That argument is misguided. Plaintiffs admit that Ms. Hart setup automatic payments to her checking account with her Visa debit card, not “Mrs. Hart’s Wells Fargo routing number and checking account number.” Wells Fargo does not charge fees for declined debit card transactions, so declining Ms. Hart’s January 3, 2016 insurance premium would not produce an NSF charge on her account. Thus, the absence of an NSF charge is not evidence that Defendants did not present Ms. Hart’s January premium for payment.
Further, on January 3, 2016, Ms. Hart’s account was overdrawn by $663.95 and it had been overdrawn for six days. Ms. Hart’s account did not have overdraft protection or a debit card overdraft service. There is no reason to believe that an attempted debit card charge of $379.91 (the amount of the January premium) to Ms. Hart’s account when it was overdrawn by $663.95 would not decline. Defendants submitted substantial evidence that they sought payment through the debit card. Defendants produced an affidavit from a receivables manager, swearing that Ms. Hart’s card declined a payment request for the January premium that Defendants submitted on January 3, 2016. Defendants also produced copies of the cancellation notice for non-payment of premiums sent to Ms. Hart on January 11, 2016, and certificates of mailing of that notice.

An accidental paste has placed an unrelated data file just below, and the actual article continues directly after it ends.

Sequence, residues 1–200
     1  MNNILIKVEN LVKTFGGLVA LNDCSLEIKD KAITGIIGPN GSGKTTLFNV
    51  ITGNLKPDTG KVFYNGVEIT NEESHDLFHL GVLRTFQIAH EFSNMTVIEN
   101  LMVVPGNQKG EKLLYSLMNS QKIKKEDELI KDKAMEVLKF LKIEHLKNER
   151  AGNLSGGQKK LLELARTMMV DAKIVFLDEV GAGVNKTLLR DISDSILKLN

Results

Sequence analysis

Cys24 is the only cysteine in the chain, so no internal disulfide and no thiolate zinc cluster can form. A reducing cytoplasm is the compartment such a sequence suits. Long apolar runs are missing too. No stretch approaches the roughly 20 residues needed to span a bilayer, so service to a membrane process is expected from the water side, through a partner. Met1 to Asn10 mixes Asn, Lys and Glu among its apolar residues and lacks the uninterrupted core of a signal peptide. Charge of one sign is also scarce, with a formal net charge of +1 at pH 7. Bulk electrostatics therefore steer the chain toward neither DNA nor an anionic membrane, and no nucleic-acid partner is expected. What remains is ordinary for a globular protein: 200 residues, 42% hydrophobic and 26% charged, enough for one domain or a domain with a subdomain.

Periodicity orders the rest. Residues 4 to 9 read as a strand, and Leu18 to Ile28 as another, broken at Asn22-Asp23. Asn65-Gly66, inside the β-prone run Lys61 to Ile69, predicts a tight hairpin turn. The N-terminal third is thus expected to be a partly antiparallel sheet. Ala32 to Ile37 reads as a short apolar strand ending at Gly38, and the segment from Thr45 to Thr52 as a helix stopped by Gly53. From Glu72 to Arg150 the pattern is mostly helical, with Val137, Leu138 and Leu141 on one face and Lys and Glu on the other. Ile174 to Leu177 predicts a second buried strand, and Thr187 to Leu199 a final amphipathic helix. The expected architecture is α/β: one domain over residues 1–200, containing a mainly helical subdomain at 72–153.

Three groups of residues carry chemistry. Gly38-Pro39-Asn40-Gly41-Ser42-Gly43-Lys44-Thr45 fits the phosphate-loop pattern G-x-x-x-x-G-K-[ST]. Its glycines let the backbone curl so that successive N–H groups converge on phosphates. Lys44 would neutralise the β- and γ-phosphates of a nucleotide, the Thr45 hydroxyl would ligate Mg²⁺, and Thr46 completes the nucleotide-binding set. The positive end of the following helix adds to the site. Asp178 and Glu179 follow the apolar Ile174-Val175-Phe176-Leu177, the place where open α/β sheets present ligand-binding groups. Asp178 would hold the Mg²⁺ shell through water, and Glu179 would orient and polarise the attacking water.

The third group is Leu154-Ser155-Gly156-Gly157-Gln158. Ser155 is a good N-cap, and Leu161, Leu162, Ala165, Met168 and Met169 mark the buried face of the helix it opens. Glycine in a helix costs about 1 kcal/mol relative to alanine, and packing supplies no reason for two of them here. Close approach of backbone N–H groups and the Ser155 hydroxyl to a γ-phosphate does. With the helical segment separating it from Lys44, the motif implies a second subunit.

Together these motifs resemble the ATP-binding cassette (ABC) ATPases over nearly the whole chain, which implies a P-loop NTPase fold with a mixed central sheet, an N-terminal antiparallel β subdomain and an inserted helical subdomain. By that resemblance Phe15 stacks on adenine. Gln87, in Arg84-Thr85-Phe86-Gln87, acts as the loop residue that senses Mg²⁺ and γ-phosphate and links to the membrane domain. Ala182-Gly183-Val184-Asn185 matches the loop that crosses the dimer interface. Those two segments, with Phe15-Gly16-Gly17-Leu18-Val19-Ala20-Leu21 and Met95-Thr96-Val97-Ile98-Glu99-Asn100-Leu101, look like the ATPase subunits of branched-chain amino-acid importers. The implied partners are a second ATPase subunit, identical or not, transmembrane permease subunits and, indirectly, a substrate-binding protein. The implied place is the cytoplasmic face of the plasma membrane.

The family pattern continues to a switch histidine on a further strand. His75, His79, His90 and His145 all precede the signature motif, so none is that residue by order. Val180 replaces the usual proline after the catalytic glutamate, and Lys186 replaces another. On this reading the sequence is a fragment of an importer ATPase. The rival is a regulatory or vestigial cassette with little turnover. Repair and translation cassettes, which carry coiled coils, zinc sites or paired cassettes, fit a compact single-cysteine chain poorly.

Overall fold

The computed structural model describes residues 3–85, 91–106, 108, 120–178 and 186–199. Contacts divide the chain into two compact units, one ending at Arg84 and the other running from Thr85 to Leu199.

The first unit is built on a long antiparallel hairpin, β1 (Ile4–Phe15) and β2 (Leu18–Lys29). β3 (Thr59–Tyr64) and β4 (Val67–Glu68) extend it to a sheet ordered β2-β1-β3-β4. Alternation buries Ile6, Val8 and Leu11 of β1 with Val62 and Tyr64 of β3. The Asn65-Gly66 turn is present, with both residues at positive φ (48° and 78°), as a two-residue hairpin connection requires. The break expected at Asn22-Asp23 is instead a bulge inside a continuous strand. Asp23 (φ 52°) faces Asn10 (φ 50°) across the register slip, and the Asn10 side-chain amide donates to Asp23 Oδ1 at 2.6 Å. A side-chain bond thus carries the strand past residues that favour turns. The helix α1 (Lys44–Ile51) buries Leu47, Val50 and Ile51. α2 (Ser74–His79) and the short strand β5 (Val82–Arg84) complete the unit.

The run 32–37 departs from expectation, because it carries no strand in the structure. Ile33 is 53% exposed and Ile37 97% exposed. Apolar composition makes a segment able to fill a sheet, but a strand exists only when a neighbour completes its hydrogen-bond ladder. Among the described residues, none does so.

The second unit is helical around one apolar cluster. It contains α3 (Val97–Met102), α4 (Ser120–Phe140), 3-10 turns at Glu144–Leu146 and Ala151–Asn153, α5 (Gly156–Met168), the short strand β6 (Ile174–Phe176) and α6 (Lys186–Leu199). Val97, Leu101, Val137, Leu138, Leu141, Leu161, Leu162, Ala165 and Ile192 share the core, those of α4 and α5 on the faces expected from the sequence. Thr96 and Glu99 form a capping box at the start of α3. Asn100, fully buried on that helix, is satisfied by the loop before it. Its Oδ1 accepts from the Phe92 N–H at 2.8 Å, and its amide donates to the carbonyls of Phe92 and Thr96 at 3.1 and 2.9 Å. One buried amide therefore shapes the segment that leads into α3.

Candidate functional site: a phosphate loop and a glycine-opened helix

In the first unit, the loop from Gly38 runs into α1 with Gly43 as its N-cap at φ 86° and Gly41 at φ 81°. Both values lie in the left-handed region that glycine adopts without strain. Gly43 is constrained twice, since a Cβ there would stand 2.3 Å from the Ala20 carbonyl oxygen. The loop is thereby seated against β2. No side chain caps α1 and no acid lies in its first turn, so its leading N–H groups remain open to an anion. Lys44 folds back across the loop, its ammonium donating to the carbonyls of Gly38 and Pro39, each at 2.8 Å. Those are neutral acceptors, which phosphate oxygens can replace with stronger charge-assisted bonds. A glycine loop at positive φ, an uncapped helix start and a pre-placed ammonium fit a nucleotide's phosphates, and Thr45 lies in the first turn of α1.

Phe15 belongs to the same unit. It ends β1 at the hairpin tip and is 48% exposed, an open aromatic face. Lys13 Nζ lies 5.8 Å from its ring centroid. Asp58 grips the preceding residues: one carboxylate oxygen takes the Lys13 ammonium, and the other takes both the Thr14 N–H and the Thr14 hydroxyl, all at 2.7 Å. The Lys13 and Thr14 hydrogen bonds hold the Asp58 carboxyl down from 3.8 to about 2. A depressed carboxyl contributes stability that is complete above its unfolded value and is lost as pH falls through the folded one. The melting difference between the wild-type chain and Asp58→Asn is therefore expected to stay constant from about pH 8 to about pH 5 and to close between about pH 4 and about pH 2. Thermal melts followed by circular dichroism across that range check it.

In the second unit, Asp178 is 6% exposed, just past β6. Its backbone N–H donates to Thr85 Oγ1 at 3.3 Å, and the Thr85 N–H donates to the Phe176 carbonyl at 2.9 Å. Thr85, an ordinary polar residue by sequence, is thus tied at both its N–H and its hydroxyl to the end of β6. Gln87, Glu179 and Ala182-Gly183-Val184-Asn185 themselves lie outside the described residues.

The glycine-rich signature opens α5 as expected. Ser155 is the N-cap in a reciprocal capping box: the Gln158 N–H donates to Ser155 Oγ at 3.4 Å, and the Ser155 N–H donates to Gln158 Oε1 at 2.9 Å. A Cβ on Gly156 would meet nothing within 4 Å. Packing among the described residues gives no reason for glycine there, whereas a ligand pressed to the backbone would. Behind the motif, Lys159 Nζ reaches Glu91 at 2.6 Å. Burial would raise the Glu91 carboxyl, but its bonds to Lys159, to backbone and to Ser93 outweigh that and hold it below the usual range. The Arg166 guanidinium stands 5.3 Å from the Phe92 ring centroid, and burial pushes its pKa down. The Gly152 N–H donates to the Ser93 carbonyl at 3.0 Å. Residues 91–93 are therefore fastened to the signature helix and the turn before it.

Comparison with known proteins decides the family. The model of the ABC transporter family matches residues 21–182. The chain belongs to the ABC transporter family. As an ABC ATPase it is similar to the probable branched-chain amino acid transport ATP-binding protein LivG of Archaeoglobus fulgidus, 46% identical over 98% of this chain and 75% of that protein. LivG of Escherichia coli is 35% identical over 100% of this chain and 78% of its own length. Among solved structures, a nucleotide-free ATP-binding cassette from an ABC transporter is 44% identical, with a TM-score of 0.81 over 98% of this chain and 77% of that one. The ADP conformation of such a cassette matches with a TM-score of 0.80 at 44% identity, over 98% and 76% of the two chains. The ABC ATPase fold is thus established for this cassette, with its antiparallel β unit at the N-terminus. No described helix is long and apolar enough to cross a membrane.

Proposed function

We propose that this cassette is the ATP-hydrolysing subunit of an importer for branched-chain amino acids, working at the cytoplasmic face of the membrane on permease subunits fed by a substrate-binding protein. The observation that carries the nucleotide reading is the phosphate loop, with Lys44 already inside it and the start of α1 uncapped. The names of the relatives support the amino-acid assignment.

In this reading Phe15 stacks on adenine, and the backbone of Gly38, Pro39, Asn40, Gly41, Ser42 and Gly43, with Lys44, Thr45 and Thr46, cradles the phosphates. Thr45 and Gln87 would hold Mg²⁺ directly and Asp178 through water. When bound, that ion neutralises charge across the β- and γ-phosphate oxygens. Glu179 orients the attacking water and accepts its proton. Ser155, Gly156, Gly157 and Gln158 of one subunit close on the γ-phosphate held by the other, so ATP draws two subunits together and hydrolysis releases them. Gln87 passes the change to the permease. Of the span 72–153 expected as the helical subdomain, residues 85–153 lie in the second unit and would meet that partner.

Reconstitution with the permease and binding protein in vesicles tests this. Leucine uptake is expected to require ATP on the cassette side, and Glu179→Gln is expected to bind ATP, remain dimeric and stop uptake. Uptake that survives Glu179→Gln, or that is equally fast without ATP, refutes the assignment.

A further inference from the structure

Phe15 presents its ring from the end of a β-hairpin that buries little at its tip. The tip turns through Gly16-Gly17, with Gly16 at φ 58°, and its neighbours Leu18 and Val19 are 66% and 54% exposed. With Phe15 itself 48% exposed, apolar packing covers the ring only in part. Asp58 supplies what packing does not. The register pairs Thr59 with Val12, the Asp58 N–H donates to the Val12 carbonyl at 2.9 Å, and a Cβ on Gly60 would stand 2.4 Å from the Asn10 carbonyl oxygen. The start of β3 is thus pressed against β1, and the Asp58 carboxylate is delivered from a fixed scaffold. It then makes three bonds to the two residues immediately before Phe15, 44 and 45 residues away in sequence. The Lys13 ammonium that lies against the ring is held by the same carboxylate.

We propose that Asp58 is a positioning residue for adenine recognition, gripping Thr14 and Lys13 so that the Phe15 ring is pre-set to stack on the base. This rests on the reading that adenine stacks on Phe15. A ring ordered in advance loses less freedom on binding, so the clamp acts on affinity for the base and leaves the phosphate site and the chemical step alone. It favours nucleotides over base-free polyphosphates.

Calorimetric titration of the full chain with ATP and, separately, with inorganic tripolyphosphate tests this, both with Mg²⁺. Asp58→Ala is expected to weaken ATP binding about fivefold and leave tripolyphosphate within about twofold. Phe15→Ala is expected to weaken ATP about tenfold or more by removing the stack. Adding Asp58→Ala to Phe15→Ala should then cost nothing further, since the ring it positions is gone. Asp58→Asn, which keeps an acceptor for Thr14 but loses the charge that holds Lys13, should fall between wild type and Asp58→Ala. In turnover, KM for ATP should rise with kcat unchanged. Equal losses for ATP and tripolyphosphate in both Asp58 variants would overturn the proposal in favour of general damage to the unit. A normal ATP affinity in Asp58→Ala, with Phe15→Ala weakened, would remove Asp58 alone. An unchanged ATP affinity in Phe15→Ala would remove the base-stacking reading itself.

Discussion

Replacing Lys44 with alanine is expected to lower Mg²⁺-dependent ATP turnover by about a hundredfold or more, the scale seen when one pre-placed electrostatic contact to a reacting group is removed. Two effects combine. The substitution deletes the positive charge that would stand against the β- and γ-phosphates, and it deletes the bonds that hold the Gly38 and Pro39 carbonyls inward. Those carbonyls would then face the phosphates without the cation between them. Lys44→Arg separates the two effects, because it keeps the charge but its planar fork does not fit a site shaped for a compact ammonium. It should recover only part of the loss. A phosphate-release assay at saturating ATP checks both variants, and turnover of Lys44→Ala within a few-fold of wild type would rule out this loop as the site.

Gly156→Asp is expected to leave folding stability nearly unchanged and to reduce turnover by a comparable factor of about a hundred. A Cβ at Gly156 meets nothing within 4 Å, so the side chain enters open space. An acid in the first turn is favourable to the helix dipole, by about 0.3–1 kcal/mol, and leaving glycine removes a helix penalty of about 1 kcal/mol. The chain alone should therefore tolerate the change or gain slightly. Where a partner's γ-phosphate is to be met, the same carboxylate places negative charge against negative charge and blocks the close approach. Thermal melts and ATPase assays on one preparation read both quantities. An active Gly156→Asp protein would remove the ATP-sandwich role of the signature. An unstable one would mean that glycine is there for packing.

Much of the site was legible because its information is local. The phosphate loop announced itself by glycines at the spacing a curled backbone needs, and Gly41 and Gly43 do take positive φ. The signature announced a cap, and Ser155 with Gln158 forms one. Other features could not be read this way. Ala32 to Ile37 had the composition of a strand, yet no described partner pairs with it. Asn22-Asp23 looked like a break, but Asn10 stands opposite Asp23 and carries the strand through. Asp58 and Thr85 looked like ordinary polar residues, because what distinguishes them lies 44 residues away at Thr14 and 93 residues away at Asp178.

The Court found no genuine dispute that Defendants attempted to charge Ms. Hart’s debit card for her January premium and that the charge declined because Ms. Hart’s checking account was overdrawn. Defendants therefore were entitled to cancel Ms. Hart’s insurance coverage, subject to contractual and statutory notice requirements.